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Microsoft to the XSL(T) Rescue?

Like most serious XML developers, I have a love/hate relationship with Microsoft.

Microsoft to the XSL(T) Rescue?
By Ed Tittel

Like most serious XML developers, I have a love/hate relationship with Microsoft. And I must confess that a big, fat, juicy target for slams and snide remarks--as Microsoft can so often be--is hard to resist. That's why I'm puzzled and bedazzled by a truly brilliant piece of freeware that's readily available on the Microsoft Web site, that should be a boon to XML developers with an interest in the Transformations flavor of the eXtensible Style Language, aka XSL(T) or XSLT. The software will show you how XSLT works, and what the results of an XSLT transformation are.

What I'm talking about here is a magnificent learning tool. It permits users to examine a given XML source document, apply any possible XSLT transformation (and view the relevant XSLT code that does the job), then view the HTML output that results. In other words, this tool takes a reasonably complex XML document, applies the full gamut of XSLT functions and operations to its content to transform it into HTML, and lets you view the resulting HTML code as well. It's simply brilliant, and provides the best working demonstration of anything related to XSLT in operation I've seen anywhere. It's as if Walt Disney took Michael Kay's outstanding Wrox book XSLT Programmer's Reference (Copyright 2000, Birmingham, UK, ISBN: 1-861003-12-9) and turned it into a beautiful animated cartoon on a par with Fantasia.

Who could possibly ask for a better learning tool than this? The only other resource I know of that comes close is Jiri Jirat's "XML Tracer" (visit for a look at this little gem) and it doesn't begin to capture the capabilities that this free Microsoft tool--and let me state again how weird I feel saying those final three words in quick succession--delivers.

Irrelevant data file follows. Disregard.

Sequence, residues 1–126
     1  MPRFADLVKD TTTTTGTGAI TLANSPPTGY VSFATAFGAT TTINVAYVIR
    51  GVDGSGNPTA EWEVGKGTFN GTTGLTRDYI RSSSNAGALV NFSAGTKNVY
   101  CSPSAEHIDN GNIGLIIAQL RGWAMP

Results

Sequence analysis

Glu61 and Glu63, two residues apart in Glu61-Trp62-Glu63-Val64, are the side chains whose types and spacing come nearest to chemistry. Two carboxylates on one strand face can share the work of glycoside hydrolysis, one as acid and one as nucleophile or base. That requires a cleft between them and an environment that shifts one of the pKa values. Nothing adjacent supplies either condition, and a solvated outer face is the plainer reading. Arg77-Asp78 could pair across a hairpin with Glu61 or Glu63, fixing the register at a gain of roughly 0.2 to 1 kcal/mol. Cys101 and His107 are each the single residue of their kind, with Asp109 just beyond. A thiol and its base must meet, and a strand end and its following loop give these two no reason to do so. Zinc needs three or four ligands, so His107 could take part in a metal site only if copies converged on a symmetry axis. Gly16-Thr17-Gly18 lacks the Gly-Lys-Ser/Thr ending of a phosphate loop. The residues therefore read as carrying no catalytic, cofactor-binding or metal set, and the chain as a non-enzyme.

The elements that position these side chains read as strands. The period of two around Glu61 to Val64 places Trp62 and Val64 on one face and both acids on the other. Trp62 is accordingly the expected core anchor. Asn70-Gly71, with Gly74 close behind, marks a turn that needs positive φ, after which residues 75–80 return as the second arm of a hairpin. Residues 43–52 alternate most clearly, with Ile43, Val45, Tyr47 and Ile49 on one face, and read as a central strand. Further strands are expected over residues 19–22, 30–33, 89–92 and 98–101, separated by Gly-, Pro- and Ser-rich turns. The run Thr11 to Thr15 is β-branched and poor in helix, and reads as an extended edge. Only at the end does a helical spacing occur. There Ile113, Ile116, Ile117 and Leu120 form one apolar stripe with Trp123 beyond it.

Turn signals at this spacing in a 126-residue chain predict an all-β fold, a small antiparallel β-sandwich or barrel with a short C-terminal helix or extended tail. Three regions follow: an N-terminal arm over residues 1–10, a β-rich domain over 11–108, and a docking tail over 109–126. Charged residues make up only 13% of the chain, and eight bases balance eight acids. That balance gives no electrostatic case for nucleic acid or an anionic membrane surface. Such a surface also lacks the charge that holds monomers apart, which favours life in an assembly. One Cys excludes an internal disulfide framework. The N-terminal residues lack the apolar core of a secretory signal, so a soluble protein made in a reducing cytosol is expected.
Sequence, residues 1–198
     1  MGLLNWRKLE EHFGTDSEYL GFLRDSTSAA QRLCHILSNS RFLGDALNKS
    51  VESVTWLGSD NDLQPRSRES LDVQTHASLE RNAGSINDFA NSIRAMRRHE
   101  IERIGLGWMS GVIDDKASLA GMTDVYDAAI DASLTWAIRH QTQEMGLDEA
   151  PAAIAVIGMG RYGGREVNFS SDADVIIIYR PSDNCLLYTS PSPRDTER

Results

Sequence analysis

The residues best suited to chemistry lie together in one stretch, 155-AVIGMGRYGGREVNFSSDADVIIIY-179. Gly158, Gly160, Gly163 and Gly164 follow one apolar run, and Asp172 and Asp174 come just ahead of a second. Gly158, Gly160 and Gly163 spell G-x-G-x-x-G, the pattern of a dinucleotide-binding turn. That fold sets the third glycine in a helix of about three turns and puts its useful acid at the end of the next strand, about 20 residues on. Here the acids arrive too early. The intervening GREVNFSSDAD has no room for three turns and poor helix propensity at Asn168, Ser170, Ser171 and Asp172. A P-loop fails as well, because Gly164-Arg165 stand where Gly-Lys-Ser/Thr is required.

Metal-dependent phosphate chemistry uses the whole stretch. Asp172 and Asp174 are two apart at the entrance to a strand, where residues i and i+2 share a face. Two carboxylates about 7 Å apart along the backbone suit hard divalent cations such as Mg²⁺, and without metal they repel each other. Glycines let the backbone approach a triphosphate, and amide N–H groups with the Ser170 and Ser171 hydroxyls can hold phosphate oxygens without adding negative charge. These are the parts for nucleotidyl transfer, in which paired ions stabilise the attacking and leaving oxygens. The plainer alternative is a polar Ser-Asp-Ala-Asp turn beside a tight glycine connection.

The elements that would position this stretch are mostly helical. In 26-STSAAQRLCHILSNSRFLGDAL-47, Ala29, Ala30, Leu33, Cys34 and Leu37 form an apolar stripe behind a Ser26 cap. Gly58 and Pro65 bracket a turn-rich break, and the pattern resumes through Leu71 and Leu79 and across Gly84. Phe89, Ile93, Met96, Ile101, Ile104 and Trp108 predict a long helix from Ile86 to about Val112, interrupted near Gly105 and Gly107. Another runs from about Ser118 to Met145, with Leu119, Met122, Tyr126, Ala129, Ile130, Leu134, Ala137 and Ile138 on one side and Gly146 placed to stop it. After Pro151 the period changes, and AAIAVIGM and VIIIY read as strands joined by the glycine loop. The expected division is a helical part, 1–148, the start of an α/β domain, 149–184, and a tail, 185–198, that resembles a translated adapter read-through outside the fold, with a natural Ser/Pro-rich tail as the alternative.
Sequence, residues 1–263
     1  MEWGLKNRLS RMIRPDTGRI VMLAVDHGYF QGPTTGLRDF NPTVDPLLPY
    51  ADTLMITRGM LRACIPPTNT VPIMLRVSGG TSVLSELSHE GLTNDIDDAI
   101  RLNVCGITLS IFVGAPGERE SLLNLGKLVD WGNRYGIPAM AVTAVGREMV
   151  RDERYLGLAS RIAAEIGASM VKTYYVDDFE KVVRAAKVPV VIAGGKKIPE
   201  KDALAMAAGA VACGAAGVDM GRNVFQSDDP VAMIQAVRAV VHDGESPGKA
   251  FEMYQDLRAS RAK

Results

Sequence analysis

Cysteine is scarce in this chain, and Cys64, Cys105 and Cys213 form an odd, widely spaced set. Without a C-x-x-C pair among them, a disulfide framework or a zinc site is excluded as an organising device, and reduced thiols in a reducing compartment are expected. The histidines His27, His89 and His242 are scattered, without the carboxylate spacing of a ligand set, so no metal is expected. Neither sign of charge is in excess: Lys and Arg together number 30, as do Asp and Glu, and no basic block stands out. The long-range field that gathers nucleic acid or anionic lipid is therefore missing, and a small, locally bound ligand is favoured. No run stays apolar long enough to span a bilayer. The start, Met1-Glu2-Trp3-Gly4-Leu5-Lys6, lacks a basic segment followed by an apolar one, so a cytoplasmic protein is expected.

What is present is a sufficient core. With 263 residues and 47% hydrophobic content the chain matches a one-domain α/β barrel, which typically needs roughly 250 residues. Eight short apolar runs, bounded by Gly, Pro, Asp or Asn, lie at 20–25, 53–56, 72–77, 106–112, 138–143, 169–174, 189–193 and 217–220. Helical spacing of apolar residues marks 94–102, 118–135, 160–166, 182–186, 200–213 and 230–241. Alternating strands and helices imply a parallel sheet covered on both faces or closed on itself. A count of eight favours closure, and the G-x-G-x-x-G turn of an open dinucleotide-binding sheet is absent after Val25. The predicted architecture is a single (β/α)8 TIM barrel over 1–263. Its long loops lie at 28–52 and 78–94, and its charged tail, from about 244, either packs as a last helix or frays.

Enough suspense already: here's how you can grab a copy of this wonderful tool for your own use:

  1. Visit
  2. Select "XML Downloads" from the left-hand menu
  3. Select "XSL" under the "XML" menu category
  4. Select "XSLT Samples Viewer" under the "XSL" menu category
  5. Click the download button in the right-hand pane on the resulting Web page

Note: you must also install the MSXML 3.0 Parser (and run it in "Replace mode") to see what the XSLT Samples Viewer can do. For more details on this latter process--which will come in mighty handy if you want to view native XML files through Internet Explorer anyway--please visit

I don't want to spoil the magnificent surprise that awaits you when you open the file named "viewer.htm" in a properly-equipped version of Internet Explorer 5.0 or later. I'm running IE 5.5 with SP1 installed; for best results, I suggest you do the same. But the results are truly wonderful, as you examine the XML source, apply an XSLT transformation, and witness the HTML results. The amount of work that Microsoft put into this tool is astonishing, and its value as a learning tool is no less significant. Nobody who's thinking about storing data in XML and transforming it into HTML on the fly--and who isn't these days?--should be without this tool.

Have fun! Be prepared to lose some SERIOUS time, as you "try just one more" transformation, to see what happens next.

Ed Tittel is a principal at LANWrights, Inc.: a wholly owned subsidiary of LANwrights offers training, writing and consulting services on Internet, networking, and Web topics (including XML and XHTML), plus various IT certifications (Microsoft, Sun/Java, and Prosoft/CIW).

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